• ensuring that all current supervisory staff are competent. All supervisors in areas where workers perform high risk jobs (as indicated by injury and illness statistics, number of health and safety concerns raised by joint health and safety committees and workers, extent to which operations are impacted by legislation and corporate and service area health and safety policies and procedures) should be given highest priority during scheduling of training. (A Standard for Supervisory Occupational Health and Safety Training is attached in Appendix A, B and C).
  • establishing a mechanism for documenting and tracking supervisory occupational health and safety training
  • including occupational health and safety competency in performance evaluations for those supervisors whose job responsibilities have a significant health and safety component (as indicated by injury and illness statistics, number of health and safety concerns raised by joint health and safety committees and workers, extent to which operations are impacted by legislation and corporate and service area health and safety policies and procedures)
  • ensuring that the health and safety knowledge of supervisors is updated on a regular basis. (In addition to ongoing communication mechanisms, this may be achieved through attendance of a refresher program)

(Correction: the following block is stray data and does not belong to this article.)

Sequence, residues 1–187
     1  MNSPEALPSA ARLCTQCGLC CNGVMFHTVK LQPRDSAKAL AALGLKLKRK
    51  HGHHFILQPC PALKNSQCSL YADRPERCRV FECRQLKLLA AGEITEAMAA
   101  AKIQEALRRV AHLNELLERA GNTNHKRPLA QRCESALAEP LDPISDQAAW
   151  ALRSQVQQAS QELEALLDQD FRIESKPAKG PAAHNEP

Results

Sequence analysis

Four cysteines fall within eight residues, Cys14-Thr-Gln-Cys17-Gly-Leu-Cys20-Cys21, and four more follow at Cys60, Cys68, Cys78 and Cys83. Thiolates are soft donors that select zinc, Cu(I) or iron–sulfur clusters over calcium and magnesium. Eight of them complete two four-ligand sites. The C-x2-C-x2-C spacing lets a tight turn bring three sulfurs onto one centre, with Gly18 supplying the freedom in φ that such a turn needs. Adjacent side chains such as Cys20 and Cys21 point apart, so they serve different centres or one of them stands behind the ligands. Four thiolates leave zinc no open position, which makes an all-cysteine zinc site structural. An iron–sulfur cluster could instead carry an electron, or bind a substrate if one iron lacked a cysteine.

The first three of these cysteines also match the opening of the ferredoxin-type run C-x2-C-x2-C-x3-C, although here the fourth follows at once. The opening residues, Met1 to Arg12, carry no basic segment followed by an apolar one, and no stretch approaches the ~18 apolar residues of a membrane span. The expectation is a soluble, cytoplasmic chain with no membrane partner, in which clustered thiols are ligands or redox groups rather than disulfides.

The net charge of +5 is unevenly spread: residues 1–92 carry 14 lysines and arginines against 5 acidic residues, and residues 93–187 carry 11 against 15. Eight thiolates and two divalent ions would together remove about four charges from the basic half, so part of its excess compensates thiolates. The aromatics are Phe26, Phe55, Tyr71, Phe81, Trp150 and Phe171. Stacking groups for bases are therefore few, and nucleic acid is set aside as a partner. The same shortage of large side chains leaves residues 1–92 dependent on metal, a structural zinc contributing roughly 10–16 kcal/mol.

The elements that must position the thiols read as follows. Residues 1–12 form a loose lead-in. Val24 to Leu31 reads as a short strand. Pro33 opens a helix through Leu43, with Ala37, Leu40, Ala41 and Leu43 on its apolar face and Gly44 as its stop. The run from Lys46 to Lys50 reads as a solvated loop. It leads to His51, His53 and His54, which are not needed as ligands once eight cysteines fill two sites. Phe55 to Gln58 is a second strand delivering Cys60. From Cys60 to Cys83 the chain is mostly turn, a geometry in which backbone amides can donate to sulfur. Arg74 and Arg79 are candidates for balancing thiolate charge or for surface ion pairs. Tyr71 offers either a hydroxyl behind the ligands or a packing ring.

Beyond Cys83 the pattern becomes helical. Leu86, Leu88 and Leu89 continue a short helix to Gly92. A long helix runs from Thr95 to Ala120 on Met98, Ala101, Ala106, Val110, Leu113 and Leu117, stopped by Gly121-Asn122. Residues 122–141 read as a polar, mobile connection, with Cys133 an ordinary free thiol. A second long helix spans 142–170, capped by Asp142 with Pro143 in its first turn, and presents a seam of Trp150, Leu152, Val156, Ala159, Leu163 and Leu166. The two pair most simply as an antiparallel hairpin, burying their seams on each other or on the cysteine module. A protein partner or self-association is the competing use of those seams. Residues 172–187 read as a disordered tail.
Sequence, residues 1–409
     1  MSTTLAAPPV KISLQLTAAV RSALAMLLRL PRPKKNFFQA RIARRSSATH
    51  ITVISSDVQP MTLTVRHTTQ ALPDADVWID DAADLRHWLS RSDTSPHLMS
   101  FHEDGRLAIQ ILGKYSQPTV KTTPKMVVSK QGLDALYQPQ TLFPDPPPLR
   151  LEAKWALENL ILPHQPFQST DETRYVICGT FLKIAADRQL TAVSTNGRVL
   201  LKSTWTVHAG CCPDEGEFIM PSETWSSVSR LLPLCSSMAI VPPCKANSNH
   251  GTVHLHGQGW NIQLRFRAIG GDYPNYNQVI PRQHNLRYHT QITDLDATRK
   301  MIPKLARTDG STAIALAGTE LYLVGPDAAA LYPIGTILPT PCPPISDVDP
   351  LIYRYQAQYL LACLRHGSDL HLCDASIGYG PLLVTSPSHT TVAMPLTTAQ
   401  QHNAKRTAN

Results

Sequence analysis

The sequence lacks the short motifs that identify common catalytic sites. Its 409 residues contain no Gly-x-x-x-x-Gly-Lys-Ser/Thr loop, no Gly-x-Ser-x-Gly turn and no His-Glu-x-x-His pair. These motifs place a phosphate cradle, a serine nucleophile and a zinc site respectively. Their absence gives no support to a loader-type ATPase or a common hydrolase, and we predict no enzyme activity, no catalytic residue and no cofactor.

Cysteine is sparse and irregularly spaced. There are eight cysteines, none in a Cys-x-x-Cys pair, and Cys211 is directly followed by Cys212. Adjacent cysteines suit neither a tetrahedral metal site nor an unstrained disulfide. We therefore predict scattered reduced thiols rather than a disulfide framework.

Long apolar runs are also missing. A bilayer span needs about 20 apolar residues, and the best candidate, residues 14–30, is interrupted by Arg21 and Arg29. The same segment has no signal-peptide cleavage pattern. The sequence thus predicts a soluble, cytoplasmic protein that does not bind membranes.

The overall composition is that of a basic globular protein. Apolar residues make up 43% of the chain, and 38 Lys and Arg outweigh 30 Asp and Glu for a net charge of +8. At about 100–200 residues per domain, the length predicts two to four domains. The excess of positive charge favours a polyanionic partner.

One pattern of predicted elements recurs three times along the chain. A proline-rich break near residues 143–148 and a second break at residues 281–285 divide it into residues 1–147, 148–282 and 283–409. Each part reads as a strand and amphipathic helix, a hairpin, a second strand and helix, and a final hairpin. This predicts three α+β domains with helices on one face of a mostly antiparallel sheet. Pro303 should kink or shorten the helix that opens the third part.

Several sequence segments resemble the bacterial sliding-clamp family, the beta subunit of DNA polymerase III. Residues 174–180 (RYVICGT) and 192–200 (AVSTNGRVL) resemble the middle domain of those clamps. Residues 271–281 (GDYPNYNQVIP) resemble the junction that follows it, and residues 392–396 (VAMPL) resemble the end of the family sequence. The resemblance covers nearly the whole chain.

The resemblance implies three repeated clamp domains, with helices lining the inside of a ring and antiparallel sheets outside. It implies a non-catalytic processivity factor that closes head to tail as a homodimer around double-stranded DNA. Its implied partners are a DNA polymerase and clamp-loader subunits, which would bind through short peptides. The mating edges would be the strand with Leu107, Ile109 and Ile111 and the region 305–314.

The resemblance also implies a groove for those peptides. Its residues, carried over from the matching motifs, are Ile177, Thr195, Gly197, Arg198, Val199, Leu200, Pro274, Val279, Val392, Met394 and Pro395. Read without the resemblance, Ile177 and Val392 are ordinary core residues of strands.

• conducting an annual assessment of the occupational health and safety training needs of supervisory staff and providing such ongoing training as may be needed (i.e. to address identified health and safety issues, new legislation, injury trends, etc)

Supervisory staff are responsible for:

  • completing the Ministry of Labour’s Supervisor Health and Safety Awareness in 5 Steps training module within one week of being hired/promoted to a supervisory position
  • attending required Supervisory Occupational Health and Safety Competence courses,
  • ensuring they are fully knowledgeable of work-related hazards to which their employees are exposed and controls to protect from these hazards (as covered in worker health and safety training courses)
  • making ongoing efforts to familiarize themselves with legislative and City health and safety requirements
  • bringing forward to their divisions their occupational health and safety training needs, on an ongoing basis and during the annual needs assessment